Earthquake bill provides prevention |

Earthquake bill provides prevention

They say timing is everything.

The Earthquake Loss Reduction Act of 2001, sponsored by U.S. Sen. Dianne Feinstein, D-Calif., is expected to make its way to the Senate Finance Committee next week.

The bill was introduced by Feinstein March 1, the day after a 6.8-magnitude earthquake in Olympia, Wash. The aim of the bill seeks to provide incentives for businesses, local governments and individuals to apply for grants and tax credits that will fund measures to prevent damage before earthquakes strike.

It would authorize $1 billion for a loss reduction trust fund, allow businesses to depreciate the cost of a seismic retrofit over five years, urge lower interest rates on mortgages for seismically retrofitted residences and establish an advanced seismic research and monitoring system based out of the U.S. Geological Survey.

“It’s going to be an uphill battle,” Feinstein’s spokesman Jim Hock said. “But an ounce of prevention is worth a pound of cure.”

“In the wake of (Feb. 28’s) earthquake in Washington, all of us recognize the importance of taking preventative measures in the event of a large temblor,” Feinstein stated. “This bill would help limit the human and economic impact caused by an earthquake – no matter where one strikes in the United States – while at the same time reducing the amount of government disaster assistance needed to recover.”

The 6.8-magnitude quake injured 29 people – four critically – and caused millions of dollars of property damage.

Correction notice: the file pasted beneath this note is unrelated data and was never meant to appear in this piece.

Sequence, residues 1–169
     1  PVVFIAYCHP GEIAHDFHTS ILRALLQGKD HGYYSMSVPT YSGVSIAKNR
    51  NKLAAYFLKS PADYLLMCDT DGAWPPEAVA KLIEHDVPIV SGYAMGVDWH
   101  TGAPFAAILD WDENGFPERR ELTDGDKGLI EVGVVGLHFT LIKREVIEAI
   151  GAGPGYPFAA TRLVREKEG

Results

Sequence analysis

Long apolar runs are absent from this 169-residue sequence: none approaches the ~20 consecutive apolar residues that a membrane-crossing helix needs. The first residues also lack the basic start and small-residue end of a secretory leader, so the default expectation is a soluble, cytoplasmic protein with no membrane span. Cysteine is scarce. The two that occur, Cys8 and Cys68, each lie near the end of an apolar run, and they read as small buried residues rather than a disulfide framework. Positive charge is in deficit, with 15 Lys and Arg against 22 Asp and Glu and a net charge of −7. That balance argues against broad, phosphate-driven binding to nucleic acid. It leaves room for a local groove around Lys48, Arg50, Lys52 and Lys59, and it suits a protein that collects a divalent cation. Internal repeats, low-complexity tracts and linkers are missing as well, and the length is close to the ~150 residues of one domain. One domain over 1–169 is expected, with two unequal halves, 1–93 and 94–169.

According to a recent Federal Emergency Management Agency study, future U.S. losses could total $4.4 billion a year.

For two years, the senator has worked on the proposal with FEMA and seimologists from the California Seismic Safety Commission and the California Institute of Technology.

Lake Tahoe is one of several communities nationwide signing on for FEMA funds to implement a town-by-town action plan that outlines what people should do and where they should go in the event of a natural disaster. It’s called Project Impact.

A collective of business and civic leaders spun out of the Tahoe-Douglas Chamber of Commerce is setting up a priority list of disasters the basin should plan for. The core group also hopes to sign on community partners like health care facilities.

Local Project Impact Coordinator Pam Jenkins said she heard Seattle’s group was celebrating the third anniversary of its signing on with the program when the earthquake hit. The group was commending its efforts that prompted building retrofits. These upgrades kept people alive, Jenkins said.

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